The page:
Every November I head to that other university down the road — you know, the one we keep dominating in football — to get a yearly checkup on my heart. My heart bleeds green and white, but I do trust the maize and blue to make sure it’s beating properly. (Did I mention my awesome nurse happens to be a Spartan?)
Each year I get a little nervous about what I might hear and most years everything is just fine. Yesterday, not so much. Apparently, I’m a unicorn among unicorns when it comes to irregular heart rhythms. But the good news is my ICD offers the ultimate protection, so I’ve got that going for me.
While I’m still processing some of the options I have, I’ll admit to feeling disappointed, sad and a little bit angry. When I’m doing everything right, it doesn’t seem fair that my heart has decided not to.
This has probably been the best week possible to process this. It’s that time of year when many of us celebrate Thanksgiving. I’m doing my best to remember to give thanks for what I have instead of being angry for what I don’t.
In that spirit, I’m grateful for the technology and medical know-how that keeps me safe. Had I lived in a different time, not even that long ago, I wouldn’t even have options. I’m thankful for incredible nurses and doctors who collaborate and strategize to find the right path for me. I give thanks for family and friends who offer supportive ears and let me cry. Mostly, I’m grateful to be alive.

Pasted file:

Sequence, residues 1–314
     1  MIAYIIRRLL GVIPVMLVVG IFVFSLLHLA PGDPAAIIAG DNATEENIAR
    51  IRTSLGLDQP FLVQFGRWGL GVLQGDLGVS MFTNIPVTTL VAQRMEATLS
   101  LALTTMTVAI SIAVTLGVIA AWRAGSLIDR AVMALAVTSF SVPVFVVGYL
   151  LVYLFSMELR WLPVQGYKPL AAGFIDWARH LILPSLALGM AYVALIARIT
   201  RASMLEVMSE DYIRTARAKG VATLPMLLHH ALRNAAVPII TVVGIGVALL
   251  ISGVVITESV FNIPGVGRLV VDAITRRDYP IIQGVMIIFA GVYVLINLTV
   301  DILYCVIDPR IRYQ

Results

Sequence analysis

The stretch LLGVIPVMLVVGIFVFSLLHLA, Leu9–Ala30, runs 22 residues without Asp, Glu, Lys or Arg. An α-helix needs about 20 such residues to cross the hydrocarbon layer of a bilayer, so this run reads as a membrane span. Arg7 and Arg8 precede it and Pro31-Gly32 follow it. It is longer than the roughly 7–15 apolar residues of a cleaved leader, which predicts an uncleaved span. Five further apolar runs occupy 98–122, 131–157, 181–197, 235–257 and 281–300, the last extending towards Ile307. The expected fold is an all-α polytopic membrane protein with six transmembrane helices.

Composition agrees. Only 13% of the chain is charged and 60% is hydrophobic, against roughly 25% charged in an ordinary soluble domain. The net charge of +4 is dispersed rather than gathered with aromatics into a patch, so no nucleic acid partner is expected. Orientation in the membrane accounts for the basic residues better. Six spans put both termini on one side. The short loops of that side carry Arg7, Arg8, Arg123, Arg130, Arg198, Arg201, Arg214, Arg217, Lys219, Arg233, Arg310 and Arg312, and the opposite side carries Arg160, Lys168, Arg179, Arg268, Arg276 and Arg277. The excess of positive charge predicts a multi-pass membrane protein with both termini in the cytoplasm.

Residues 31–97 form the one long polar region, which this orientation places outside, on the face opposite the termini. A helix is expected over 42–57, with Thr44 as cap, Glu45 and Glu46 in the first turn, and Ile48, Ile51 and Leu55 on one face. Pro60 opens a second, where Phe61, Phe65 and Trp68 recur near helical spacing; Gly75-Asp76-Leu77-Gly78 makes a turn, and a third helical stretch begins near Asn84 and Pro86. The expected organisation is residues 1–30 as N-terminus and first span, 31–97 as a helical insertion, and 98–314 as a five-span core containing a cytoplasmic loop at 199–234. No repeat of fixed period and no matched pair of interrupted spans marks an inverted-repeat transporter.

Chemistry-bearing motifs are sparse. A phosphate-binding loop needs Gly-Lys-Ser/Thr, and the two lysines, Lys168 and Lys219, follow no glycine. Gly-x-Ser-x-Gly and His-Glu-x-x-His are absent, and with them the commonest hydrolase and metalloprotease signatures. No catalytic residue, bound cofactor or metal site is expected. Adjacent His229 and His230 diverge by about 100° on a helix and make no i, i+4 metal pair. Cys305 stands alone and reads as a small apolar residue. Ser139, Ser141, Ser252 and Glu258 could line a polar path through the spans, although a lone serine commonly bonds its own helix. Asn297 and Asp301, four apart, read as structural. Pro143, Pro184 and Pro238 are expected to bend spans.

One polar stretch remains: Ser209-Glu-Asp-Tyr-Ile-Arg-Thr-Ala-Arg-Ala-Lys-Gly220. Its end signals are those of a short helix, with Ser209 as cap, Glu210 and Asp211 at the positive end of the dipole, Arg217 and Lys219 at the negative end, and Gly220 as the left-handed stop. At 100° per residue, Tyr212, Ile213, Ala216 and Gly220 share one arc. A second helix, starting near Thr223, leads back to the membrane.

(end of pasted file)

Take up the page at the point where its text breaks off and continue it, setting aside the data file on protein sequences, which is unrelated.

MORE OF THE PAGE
I’m also pretty darn grateful to be a Spartan. Being one isn’t about winning or losing on a field but being part of something bigger that makes the world a better place. It’s about using unique partnerships to engineer healthier futures by solving the problem of chemotherapy drug resistance. It’s about using innovative ways to unravel climate change mysteries and building opportunities for research and teaching on campus. It’s about changing lives and making a difference.
It’s about showing grace toward others and offering empathy. Prabu David, dean of the College of Communication Arts and Sciences, says, “In the workplace, empathy, time and generosity of spirit are some of the best gifts of gratitude.” I’m thankful for those colleagues who live by this idea. Read his Faculty voice: Reflections on gratitude to learn more about how we can support others.
Another way to support Spartans is by using the upcoming Giving Tuesday to help fund research, teaching and student programs through a gift. The best way to give thanks for what you have is to help others and support the next generation of Spartans.
Roxy Mashkawiziikwe Sprowl, a sophomore majoring in social work with a minor in Indigenous studies, is just one example of how exemplary that generation is. She’s a member of the Social Science Scholars Program, a Bridge Scholar and highly involved in the North American Indigenous Student Organization. Read her Student view: Reclaiming to learn about her journey to regain her identity.
Whatever you’re facing, find a way to make room for gratefulness in your life. Don’t just wait for one day of the year; practice it every day. Author Elie Wiesel said, “When a person doesn’t have gratitude, something is missing in his or her humanity. A person can almost be defined by his or her attitude toward gratitude.” Show your humanity, Spartans. Give thanks. Spartans Will.
Photo by Derrick L. Turner